Talking tech since 2003

Mega-retailer Amazon has purchased Irvine, California-based game developer Double Helix Games, the company confirmed today. The news broke hours ago, as reported in a post on GameInformer. The acquisition adds further credence to rumors that the company is working on an Android-based video game console.

Amazon’s statement regarding the purchase is pretty sparse, of course, leaving plenty of room for them to not confirm the real reasons behind the buy:

“Amazon has acquired Double Helix as part of our ongoing commitment to build innovative games for customers.”

The post says that the acquisition includes “the sudio, all of its employees, and intellectual properties owned by Double Helix.” What intellectual properties those might be are kind of a mystery, however, as the developer has made its bones working on other company’s IPs. The one game I played that the developer made was Battleship, an adaptation of the movie, which of course was based on the board game (and which was itself based on a pencil-and-paper-game…but I digress).

Before that, Double Helix developed games based on DC Comics’ Green Lantern and Justice League properties, G.I. Joe, an installment in Konami’s Silent Hill franchise, an installment in Square Enix’s Front Mission series, and most recently developed the Xbox One-exclusive Killer Instinct remake, an IP Microsoft acquired when it purchased Rare back in 2002. Its next release is a remake of Capcom’s Strider. My point is that if Double Helix owns any intellectual properties, they sure haven’t bothered making any games based on them. But Double Helix has an IP that’s of particular value to Amazon—more on that in a second.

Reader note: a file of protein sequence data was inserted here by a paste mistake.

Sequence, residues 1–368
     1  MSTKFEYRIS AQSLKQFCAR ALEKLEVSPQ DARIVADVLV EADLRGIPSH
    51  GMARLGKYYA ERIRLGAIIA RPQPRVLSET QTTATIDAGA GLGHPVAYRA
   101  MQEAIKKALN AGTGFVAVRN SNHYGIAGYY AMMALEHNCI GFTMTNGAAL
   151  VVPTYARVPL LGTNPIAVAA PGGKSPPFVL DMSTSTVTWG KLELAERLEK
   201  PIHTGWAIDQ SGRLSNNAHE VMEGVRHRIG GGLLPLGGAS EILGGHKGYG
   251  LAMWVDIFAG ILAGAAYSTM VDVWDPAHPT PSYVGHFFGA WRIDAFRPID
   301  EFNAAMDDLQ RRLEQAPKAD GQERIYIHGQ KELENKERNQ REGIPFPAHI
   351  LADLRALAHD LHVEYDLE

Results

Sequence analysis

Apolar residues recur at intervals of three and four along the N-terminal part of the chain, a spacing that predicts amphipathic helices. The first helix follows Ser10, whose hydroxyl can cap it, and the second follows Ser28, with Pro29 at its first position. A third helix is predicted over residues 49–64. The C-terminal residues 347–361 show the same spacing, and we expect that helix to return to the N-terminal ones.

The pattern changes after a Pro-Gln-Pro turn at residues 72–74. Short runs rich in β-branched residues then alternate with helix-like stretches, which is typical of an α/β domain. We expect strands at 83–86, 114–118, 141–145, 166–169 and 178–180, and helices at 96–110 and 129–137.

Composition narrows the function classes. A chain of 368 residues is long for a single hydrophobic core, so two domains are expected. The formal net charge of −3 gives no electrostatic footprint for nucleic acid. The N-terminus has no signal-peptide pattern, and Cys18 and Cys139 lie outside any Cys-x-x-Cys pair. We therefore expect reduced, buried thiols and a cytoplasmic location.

In all, the acquisition is still something of a big get for Amazon if it truly is entering the video game market—outside of selling apps in its Amazon App Store for Android devices. Double Helix’s work on Killer Instinct has elevated what was formerly a lower-tier developer working on licensed games into a much more important player in the game development world—especially considering how Microsoft positioned Killer Instinct as a system seller for the Xbox One.

So what about Double Helix’s IP? I suspect that the developer had already started working on an original, exclusive game for Amazon’s console. And Amazon isn’t the kind of company that wouldn’t lock down an IP that’s going to generate revenue on its own hardware. Amazon is all about keeping customers in its ecosystem—owning Double Helix if, in fact, it has made a game featuring an original IP, will ensure that all the money goes back to Bezos.

Is this all speculative? You bet! But that’s what makes sense to me. I have a feeling I’m on the right track—because if I’m not, then this acquisition is mostly just a mystery to me. If nothing else, get ready for Amazon to officially and finally confirm its video game console any day now.

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